Titan Souls (PS4) Review

Titan Souls was frustrating. I’m no stranger to tough boss fights, my disgustingly high number of hours in Dark Souls will testify to that. But being forced to operate on two-dimensions with only one weapon and controls that would feel better on a SNES gamepad really got to me.

Titan Souls is a throwback game from the team at Acid Nerve that plays heavily on two aspects.

Nostalgia, and masochism.


The visuals are like something you would see from a top-tier, in house Nintendo game from the early 90s. The colours are vibrant, and the 16-bit graphic style ensures everything runs super smooth. The environments run the classic gamut of outdoor courtyards with flowing waterfalls and ivy-laced granite to snow covered winter landscapes and lava covered brick red paths that reminds one of the Sith planet of Korriban. For anybody who grew up with a SNES or a Genesis, this game will put you right back in your best friend’s basement, wired on candy and taking turns playing the same game on a crappy tube TV for hours on end. The landscapes are pretty but played out nostalgia triggers, and so is the soundtrack. The music goes from fun and energetic, rife with the promise of hope and adventure, to the intense and frenetic speediness reminiscent of Mega Man 2 boss fights.

You get one arrow as your weapon, and one hit can kill you.

On the note of boss fights, that’s literally all this game is. It’s as if the developers wanted to take the visual style of the Legend of Zelda, inject it with the self-flagellating difficulty of Dark Souls, and then distill this mix into the simple brew that is Shadow of the Collossus. All you will do in this game is meander through the world, opening doors and fighting bosses. But that’s ok, because each boss is different, and while challenging as hell, very beatable. Each boss has a simple and very obvious weakness, like a giant glowing eye, that is surrounded by various traps, arms, heat rays and the like, all trying to bash you into jelly.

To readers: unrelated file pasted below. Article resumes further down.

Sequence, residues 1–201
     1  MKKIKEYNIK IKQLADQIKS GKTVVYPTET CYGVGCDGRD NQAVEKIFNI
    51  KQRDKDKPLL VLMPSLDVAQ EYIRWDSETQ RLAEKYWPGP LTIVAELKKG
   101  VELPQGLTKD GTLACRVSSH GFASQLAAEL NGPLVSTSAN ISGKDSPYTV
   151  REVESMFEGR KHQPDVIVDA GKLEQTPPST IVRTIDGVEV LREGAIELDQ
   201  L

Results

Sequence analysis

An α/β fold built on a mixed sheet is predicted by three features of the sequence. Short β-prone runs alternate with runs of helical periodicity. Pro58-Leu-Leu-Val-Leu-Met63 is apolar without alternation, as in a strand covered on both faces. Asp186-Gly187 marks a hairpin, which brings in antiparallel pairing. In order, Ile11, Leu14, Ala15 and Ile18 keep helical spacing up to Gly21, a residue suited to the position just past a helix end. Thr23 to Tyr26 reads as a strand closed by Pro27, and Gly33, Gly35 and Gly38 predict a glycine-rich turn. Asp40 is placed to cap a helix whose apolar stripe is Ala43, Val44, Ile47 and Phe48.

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This variety is all the more impressive when you realize, about halfway through the game, that you’re not getting any more weapons. No power ups, no ice arrows, no extra health. You get one arrow as your weapon, and one hit can kill you.

The arrow is the crux of every fight, but comes with a few caveats that evolve into much-needed skills required to defeat certain enemies. You charge up your shot, the arrow flies, and then you charge up again to pull it back to you a la Luke getting his light-saber to free himself from his ice prison on Hoth. Often times it is this force pull you will use to catch an enemy from behind or light your arrow on fire, when just shooting the boss in the face isn’t working. Also available to you in your no-so-vast repertoire of skills is the dash and dodge mechanic… which allows you to dash, and dodge. This comes in handy when attempting to avoid getting smashed by a tentacle or crushed by a giant Cyclops cube. When that does happen, that’s all she wrote. This is a one-hit, one-kill kind of game, and adds a nice intensity to each battle.


When you die, which happens a lot, you respawn at a checkpoint close to the boss and do it again. And again. And again.

There isn’t a whole lot of depth to Titan Souls, but if you’re in the mood for a game that doesn’t require a whole lot of commitment or countless hours of micromanaging and leveling, yet still requires quick-thinking and a mastery of what at first appear to be simple and limited skills with an added splash of 16-bit era style, this is the game for you.